Effects of anodyne treatment on local blood flow and cutaneous sensation of the foot in a patient with peripheral neuropathy secondary to acromegaly
Acromegaly is an excessive amount of serum growth hormone, which may present with sensorimotor polyneuropathy, affecting sensation and/or blood flow in the limbs. Symptoms include numbness, tingling or pain with impaired sensation including kinesthesia and proprioception. We report here of a 48-year-old male with a defined diagnosis of acromegaly and surgical excision of a pituitary adenoma 20 years ago. Recently he reports feet stepping on, and not feeling, objects under foot and balance problems starting 10 years ago. This study used a single-subject A-B-A design to show that behavioral changes are evident only in the presence of an intervention. Intervention consisted of Monochromatic Infrared Light Energy (MIRE), delivered by the Anodyne Therapy System (ATS). The DRT-4 laser Doppler measured red blood cell flux (flow), concentration and velocity. Levels of significance utilized the two standard deviation band method. Peripheral sensation of eight sites on each foot assessed using Semmes-Weinstein monofilaments (SWM) revealed a lack of sensation in the feet. A treatment effect as exhibited by blood flow velocity and red blood cell concentration was detected after the third week of treatment indicating peripheral dilation of the microvasculature. MIRE was an effective intervention for the treatment of acromegaly–induced polyneuropathy in this patient.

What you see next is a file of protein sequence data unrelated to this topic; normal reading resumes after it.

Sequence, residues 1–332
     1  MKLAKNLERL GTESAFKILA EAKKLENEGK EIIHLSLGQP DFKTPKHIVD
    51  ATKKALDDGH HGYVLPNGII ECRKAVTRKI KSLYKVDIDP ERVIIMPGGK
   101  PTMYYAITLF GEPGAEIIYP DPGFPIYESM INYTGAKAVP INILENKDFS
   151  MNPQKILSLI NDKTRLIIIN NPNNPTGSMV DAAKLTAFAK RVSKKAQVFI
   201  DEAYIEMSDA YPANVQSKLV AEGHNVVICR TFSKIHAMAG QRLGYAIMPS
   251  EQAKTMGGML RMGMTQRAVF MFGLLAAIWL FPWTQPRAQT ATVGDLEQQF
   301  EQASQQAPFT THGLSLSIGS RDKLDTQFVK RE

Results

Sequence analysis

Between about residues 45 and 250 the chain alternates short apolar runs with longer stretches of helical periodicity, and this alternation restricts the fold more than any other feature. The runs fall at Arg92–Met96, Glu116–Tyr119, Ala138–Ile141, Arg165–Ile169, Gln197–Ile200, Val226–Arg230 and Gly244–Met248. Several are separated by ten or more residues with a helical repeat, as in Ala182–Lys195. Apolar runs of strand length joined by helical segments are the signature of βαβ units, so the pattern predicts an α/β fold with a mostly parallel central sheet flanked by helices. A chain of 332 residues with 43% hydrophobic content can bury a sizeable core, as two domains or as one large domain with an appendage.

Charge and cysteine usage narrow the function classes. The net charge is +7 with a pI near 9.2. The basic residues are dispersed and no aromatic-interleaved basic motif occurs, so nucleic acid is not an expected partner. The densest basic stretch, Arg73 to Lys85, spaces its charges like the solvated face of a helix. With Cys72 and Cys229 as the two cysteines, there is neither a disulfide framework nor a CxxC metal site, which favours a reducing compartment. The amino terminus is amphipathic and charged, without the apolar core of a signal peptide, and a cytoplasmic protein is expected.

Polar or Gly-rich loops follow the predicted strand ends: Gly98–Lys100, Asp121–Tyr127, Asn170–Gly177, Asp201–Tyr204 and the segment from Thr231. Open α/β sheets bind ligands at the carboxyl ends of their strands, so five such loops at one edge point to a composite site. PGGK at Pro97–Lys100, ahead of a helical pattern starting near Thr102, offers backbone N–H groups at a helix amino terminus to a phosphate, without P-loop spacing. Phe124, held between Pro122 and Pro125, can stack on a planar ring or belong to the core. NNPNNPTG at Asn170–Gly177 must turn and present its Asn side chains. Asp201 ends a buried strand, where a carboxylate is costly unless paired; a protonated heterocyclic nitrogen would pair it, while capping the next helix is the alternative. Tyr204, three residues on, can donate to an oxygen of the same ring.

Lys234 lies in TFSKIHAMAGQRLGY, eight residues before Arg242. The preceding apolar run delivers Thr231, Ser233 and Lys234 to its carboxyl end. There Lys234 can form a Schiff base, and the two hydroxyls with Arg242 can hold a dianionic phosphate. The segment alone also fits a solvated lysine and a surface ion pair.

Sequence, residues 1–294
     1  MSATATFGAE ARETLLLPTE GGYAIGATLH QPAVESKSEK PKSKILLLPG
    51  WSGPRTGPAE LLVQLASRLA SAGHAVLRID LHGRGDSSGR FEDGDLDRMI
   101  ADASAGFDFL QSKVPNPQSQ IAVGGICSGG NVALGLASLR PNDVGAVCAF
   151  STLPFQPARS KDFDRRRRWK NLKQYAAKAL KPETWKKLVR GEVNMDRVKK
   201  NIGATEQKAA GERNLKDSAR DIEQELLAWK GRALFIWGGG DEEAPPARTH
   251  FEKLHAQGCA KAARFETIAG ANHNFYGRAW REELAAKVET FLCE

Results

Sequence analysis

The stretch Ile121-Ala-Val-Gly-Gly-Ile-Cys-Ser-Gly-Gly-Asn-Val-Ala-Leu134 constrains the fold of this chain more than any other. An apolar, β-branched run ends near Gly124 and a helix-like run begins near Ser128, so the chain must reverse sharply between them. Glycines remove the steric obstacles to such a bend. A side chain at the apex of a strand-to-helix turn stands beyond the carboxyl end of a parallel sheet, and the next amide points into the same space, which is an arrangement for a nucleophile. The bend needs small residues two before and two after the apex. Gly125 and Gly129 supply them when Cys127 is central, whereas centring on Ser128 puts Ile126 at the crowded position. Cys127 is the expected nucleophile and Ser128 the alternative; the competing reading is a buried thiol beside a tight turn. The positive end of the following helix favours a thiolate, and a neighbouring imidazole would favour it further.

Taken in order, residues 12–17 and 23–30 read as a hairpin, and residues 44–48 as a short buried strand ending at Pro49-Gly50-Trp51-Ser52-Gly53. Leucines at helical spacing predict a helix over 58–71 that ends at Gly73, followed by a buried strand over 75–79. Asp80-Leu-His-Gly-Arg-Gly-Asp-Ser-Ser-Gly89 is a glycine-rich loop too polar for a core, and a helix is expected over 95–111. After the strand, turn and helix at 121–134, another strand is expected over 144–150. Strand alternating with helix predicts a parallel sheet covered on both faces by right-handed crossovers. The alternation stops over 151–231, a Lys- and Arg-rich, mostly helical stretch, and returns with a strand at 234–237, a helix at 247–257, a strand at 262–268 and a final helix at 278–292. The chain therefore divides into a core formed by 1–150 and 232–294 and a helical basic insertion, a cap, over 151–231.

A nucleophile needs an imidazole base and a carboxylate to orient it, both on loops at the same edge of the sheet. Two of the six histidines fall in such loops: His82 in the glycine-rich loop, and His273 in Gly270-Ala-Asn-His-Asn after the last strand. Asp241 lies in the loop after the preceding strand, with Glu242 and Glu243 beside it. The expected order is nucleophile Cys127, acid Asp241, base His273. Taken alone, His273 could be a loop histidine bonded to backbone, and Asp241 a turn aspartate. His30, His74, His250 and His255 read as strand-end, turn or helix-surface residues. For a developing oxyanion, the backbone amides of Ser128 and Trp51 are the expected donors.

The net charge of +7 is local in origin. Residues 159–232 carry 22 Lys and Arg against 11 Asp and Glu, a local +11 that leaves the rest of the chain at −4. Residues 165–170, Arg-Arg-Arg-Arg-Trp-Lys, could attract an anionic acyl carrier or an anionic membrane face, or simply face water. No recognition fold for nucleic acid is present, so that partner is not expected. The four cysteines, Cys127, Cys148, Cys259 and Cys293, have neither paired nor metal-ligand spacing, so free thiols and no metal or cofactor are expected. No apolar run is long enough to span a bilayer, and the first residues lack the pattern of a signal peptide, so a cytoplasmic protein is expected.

Acromegaly, MIRE, polyneuropathy
Newton, Sean C., and Shelly Marshall. "Effects of anodyne treatment on local blood flow and cutaneous sensation of the foot in a patient with peripheral neuropathy secondary to acromegaly." Physiotherapy Theory and Practice (2019): 1-8.
Physiotherapy Theory and Practice